What I’m trying to say is we need to quit wasting energy fighting FOR libraries and redirect our energy fighting AGAINST testing as the end all and be all that it is now.
Folks, I’m not making this crap up. I know what the books say and what “the studies” say. I know what the “advocates” say. Then I know what I SEE when I walk in to my so-called underperforming middle school every day. I see a slew of students who cannot READ on anything that approaches grade level. What good is trying to do a “Non-Bird Unit” research project going to do their teachers? That time can’t be spent in the library. It has to go towards remediation in basic reading skills. My ELA teachers can’t come to the library except to check out books for Sustained Silent Reading because they are MANDATED by our administration (who are very supportive of me, by the way) to cover every standard in the state guide just so we as a school can at least say “well, they’ve ‘seen’ everything that will be on the test.” To ensure this happens, each teacher has a copy of his or her subject’s standards turned into a pacing guide with a checkoff system for each standard taught.
I heard that gasp and see those shaking heads, but if I’m lying I’m dying. It’s the truth with my hand up.
The spectre of AYP is causing administrators all over my state to LOSE THEIR MINDS. The apparent dictate is “all that matters is that damn test.” Therefore, the mindset has become “raise test scores AT ANY COST.” One of the costs is the expanded research project of any kind, bird unit or no bird unit.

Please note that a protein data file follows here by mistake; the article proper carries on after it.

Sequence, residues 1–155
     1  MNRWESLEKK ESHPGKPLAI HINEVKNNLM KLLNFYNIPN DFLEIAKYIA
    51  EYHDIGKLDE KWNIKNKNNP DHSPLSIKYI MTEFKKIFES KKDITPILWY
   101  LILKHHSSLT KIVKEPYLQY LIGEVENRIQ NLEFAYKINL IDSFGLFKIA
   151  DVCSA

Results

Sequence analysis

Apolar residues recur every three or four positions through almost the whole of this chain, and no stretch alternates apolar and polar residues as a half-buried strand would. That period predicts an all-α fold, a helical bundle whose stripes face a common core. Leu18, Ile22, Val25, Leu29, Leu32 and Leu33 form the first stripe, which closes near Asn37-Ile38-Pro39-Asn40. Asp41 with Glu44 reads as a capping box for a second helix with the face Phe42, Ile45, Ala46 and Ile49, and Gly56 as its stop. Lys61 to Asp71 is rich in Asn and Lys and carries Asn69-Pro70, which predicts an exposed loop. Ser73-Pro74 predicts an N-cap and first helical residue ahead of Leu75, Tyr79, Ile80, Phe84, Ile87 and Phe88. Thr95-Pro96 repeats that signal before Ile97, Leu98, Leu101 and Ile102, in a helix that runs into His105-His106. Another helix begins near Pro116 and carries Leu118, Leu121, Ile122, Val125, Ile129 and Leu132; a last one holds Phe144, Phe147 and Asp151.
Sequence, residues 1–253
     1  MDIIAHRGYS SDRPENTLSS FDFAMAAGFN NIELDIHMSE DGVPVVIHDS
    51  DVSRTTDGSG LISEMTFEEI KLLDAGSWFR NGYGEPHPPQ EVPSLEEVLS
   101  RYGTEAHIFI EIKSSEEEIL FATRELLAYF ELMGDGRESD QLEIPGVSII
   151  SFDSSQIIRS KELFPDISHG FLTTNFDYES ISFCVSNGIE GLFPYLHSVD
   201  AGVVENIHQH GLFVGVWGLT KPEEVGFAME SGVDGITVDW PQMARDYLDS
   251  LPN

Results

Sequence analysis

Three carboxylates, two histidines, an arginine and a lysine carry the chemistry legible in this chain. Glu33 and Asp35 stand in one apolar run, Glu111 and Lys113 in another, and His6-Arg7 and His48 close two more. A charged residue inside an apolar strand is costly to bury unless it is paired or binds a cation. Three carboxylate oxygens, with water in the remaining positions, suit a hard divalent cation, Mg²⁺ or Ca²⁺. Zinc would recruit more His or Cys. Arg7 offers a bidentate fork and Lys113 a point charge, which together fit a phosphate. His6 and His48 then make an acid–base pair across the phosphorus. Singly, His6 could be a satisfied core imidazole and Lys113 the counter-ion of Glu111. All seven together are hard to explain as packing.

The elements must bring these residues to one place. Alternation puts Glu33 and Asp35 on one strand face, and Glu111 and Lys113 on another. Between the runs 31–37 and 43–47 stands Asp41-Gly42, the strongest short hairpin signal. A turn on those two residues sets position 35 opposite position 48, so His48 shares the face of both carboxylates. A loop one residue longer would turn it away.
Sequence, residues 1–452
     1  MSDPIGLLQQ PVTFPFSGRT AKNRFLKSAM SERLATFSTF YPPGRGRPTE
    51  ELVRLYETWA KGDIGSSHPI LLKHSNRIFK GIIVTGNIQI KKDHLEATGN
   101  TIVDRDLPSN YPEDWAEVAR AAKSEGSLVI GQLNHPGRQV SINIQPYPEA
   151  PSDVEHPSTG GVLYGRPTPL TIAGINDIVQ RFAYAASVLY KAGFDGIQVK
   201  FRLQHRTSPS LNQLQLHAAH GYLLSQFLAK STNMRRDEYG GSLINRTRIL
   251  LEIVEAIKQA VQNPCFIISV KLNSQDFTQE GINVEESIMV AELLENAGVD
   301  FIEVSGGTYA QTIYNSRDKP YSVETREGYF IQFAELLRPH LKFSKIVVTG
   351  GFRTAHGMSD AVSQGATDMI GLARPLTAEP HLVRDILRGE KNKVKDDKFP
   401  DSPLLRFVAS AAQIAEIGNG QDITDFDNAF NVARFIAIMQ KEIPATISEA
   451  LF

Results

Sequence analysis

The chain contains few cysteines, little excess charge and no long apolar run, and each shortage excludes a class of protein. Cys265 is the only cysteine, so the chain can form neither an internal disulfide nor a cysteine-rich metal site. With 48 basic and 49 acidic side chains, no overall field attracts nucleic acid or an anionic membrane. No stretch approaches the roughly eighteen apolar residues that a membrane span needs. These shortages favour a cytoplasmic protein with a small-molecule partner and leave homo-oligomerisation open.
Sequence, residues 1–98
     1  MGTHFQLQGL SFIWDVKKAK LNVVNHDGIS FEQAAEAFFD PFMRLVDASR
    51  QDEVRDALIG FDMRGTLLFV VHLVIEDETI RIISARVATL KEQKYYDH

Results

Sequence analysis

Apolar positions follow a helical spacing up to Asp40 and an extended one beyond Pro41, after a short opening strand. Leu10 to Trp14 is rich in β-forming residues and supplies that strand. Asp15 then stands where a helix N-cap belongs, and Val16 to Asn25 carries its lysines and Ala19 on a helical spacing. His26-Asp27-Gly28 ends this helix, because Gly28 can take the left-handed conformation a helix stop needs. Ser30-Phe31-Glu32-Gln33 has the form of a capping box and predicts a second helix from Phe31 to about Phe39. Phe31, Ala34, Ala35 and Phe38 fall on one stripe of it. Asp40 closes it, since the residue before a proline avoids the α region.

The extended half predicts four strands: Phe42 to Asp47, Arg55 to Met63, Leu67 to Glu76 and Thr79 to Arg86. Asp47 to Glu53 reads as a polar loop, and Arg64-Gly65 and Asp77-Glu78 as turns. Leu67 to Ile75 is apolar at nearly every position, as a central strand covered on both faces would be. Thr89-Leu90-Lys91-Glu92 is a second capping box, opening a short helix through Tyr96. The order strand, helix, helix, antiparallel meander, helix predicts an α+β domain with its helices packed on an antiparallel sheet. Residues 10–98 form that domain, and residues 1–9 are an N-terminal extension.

Y’all, this breaks my heart on many levels. First, my heart goes out to my principals who are getting so much pressure from the top to raise test scores or find new jobs. I ache inside for the teachers who are having to abandon many of the techniques and much of the content that they enjoyed teaching and THAT REALLY MATTERED so they can devote more time to remediation, “covering” standards, and slowly burning out in the process. Most of all, however, I feel the pain of a generation of students who have been born into one of the richest periods in educational potential in all of history and yet are forced to bend all their energy to passing one god-forsaken test in one week of one month of their year.
I realize this may not be a problem in affluent districts where the students come to school reading and who have vast educational resources at home, but it’s an elephantine problem in Title I schools and other poor districts that are serving the underfunded, underfed, and misunderstood. The students who could benefit most from a rich educational experience complete with extensive library activities like I see modeled every year at conferences are the fartherest behind THE TEST measurements so they have to pay for what they did not seek to purchase by being force fed test taking strategies and rote skills that will help them pass THE TEST while at the same time burning out at the roots ANY love of learning and literacy they may have had at one time.
So, to close, libraries aren’t needed as long as THE TEST is all that matters. So, if you are dead set on advocating for something, please, quit begging the legislature for a million dollars for more books for students who can’t read. Instead, focus all the letter writing and representative calling on overthrowing the dictatorship of THE TEST and free our students to learn again.